Itemizing on one’s taxes might take longer than taking the standard deduction, but the extra effort often pays off. NY1’s Money Matters reporter Tara Lynn Wagner filed the following report.
To itemize or not to itemize? That is the question… on line 40 of the 1040 form. Taxpayers get to choose between filing a Schedule A or taking the standard deduction, which is $5,700 for a single person and $11,400 for a married couple filing jointly. The standard deductions sound substantial, but itemizing may come up with more money.
“If your sum total of all your itemized deductions are going to exceed that number, you should itemize your deductions,” says Alan Dlugash, a partner of Marks Paneth & Shron LLP.
While $11,400 might sound high, it is actually a pretty easy threshold to reach. Experts recommend starting with big-ticket deductions like mortgage interest and then keep digging.
“You should have a simple list of the major items, and just do a quick ‘looksie’ to make sure,” says Dlugash.
“Personal taxes, taxes on your automobile, sales taxes are deductible as an option, if they’re bigger than your income taxes, which is also deductible; medical deductions,” says Mark Steber of Jackson Hewitt Tax Service.
One can also itemize charitable contributions, which range from clothes donations to support for a relief effort or contributions to the church collection bin. However, experts warn that those itemizations need proof.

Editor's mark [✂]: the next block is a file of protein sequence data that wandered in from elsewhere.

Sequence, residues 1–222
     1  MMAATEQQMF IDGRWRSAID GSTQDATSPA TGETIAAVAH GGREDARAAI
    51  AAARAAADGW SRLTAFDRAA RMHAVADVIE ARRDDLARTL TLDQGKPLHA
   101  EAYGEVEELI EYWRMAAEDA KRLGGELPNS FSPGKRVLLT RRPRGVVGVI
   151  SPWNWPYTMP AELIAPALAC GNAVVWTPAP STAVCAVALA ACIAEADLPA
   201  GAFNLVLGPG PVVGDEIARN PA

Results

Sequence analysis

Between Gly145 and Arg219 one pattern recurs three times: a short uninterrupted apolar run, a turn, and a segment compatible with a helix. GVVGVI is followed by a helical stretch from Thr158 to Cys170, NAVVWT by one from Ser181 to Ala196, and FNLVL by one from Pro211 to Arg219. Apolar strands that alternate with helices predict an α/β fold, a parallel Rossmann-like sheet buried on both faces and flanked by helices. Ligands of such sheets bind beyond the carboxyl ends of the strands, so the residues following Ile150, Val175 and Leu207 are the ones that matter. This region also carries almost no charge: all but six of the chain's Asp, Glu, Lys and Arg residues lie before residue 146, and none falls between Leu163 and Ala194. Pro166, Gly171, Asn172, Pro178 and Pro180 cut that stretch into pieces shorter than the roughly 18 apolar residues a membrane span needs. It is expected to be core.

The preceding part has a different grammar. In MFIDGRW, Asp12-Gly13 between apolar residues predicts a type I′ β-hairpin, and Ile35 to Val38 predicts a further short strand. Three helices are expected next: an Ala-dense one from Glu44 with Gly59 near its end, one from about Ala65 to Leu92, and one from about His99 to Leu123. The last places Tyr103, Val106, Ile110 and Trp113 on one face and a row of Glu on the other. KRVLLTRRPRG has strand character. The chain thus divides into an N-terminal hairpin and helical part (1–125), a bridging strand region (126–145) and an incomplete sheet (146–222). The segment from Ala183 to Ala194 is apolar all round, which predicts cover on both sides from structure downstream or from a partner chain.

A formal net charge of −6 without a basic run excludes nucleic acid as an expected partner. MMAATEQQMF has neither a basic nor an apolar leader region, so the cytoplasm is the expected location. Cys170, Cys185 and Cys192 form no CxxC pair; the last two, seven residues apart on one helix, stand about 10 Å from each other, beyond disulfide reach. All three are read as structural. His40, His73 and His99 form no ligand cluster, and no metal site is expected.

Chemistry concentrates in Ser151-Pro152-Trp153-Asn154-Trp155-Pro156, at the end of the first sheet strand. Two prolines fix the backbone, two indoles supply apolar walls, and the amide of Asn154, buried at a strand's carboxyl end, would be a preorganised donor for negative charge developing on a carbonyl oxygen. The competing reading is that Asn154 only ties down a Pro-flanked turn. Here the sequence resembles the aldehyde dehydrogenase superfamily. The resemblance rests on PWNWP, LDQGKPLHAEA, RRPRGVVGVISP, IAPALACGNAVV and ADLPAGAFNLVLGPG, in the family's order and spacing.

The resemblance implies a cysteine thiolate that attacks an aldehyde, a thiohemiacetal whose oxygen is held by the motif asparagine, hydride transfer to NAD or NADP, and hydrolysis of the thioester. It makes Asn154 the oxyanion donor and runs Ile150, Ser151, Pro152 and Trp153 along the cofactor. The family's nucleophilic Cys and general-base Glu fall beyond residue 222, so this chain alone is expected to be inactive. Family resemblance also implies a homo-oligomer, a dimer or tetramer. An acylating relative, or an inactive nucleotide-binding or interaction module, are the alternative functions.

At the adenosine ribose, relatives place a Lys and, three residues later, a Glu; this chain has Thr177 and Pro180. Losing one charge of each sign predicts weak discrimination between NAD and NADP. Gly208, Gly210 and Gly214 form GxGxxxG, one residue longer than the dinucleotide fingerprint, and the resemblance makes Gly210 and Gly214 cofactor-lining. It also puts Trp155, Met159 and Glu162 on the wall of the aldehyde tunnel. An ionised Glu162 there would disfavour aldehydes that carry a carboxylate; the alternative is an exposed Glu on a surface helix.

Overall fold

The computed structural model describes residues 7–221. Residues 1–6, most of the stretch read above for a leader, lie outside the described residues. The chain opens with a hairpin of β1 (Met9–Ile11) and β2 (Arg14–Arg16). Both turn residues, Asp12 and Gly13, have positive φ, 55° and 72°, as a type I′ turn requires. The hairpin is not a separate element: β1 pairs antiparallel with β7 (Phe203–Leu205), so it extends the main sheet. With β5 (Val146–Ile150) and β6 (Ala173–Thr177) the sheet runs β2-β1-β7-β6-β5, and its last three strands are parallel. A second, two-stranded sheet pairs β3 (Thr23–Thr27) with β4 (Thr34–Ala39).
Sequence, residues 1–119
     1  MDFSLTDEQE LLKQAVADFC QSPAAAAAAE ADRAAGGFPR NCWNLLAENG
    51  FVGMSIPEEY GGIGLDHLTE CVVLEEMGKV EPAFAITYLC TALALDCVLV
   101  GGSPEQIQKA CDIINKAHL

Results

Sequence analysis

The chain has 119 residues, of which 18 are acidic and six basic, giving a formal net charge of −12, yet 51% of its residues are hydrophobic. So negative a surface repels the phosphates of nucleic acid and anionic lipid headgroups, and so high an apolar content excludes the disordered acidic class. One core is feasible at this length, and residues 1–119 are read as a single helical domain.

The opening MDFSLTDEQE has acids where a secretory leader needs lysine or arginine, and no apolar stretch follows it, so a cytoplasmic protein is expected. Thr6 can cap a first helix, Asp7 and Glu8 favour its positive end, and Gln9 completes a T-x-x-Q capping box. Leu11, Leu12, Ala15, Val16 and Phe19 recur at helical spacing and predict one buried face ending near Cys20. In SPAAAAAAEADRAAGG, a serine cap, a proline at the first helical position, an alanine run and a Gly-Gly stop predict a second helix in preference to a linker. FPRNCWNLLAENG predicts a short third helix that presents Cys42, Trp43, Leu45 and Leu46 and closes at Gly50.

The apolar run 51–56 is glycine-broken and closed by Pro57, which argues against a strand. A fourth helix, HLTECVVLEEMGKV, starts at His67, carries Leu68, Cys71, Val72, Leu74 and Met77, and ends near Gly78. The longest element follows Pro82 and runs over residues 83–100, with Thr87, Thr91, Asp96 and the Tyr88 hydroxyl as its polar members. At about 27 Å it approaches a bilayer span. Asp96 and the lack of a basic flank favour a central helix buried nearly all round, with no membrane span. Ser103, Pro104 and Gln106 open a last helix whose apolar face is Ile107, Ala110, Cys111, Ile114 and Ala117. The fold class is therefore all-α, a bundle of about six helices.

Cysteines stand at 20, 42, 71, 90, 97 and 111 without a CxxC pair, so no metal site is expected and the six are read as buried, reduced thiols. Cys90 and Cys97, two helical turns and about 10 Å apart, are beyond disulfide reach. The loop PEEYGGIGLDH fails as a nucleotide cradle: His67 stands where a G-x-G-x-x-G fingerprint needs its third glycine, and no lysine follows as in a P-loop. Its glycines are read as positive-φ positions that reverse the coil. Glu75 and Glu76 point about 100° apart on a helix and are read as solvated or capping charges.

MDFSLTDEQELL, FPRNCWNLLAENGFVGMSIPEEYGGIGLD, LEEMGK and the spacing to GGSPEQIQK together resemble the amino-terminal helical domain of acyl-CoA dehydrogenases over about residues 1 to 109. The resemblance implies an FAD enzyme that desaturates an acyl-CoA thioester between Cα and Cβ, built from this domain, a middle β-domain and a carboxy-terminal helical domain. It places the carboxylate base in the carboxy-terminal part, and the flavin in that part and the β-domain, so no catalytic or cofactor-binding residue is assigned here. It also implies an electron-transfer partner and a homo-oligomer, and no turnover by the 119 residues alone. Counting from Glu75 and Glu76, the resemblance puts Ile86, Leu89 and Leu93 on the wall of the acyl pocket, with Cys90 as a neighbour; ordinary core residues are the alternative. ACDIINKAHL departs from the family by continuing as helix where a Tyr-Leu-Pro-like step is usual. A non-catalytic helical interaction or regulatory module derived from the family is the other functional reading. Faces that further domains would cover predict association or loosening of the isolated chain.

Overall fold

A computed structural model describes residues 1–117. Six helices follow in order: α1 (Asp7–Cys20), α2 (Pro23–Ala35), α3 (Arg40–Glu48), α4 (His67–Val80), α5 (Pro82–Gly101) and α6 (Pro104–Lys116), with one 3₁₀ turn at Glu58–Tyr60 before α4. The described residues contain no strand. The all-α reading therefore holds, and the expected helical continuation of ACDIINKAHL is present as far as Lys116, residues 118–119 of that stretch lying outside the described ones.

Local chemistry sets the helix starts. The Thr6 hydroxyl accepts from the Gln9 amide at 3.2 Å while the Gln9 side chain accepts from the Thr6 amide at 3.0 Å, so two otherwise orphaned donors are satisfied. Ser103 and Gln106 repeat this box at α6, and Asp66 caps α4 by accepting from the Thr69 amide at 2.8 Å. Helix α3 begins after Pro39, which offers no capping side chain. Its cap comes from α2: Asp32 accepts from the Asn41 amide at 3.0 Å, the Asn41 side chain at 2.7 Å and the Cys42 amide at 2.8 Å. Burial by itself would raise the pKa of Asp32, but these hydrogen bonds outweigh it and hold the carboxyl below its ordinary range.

“Anything — $10, $20, $30 — needs to be documented, so either a canceled check or you need to get a letter from the charitable organization showing you made this contribution,” says Vincent Cervone, the principal of VRC & Associates. “If you don’t have this letter, you cannot take this deduction.”
The important thing in general is to keep track of receipts, and there are many strategies for doing so. Those who want to use the least amount of effort can just toss their papers in a shoebox or manila envelope.
Cervone takes it one step further and recommends his clients get fancy supplies, like a notebook and a stapler.
“And each day you have a receipt for some sort of business expense, you staple it onto that page,” says Cervone. “At the end of the year when you come see me, I add all the pages up. I total it at the end of the year, and it’s done. It’s easy.”
It may not be as easy as taking the standard deduction, but experts say the bigger effort will likely mean a bigger refund.
“Standard’s easy. Itemized is hard, but itemized in many cases is much larger,” says Steber.
Click here to watch the video: http://brooklyn.ny1.com/content/ny1_living/money_matters/136150/don-t-agonize-when-it-comes-time-to-itemize